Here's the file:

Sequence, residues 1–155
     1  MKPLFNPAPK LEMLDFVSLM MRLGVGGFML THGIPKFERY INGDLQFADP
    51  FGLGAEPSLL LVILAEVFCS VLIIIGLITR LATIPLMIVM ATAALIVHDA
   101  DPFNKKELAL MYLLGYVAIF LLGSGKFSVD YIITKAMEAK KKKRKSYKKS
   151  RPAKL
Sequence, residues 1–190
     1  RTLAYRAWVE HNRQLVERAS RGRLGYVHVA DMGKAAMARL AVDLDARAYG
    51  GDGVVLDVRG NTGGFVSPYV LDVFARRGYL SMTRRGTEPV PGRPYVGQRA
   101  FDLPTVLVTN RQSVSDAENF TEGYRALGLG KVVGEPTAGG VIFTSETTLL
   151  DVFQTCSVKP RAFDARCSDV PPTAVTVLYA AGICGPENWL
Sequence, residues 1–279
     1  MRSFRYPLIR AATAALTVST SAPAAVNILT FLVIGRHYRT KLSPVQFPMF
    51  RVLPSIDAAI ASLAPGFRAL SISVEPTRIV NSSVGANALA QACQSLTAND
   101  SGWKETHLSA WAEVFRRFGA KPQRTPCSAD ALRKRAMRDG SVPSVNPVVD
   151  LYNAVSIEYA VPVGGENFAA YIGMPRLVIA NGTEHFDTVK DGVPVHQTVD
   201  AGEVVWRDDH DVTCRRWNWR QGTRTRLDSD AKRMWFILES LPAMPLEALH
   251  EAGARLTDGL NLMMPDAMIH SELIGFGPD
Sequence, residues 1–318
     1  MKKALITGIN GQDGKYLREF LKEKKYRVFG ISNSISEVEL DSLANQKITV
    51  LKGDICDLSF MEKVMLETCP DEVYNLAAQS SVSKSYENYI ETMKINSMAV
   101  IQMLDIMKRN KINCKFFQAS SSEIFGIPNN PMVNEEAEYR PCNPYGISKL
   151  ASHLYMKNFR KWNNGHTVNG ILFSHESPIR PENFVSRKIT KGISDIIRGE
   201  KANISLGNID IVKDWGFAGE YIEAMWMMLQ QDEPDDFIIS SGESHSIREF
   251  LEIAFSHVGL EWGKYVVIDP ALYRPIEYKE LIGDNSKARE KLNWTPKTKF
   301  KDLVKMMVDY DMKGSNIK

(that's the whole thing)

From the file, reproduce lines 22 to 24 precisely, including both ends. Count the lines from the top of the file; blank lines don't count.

   151  ASHLYMKNFR KWNNGHTVNG ILFSHESPIR PENFVSRKIT KGISDIIRGE
   201  KANISLGNID IVKDWGFAGE YIEAMWMMLQ QDEPDDFIIS SGESHSIREF
   251  LEIAFSHVGL EWGKYVVIDP ALYRPIEYKE LIGDNSKARE KLNWTPKTKF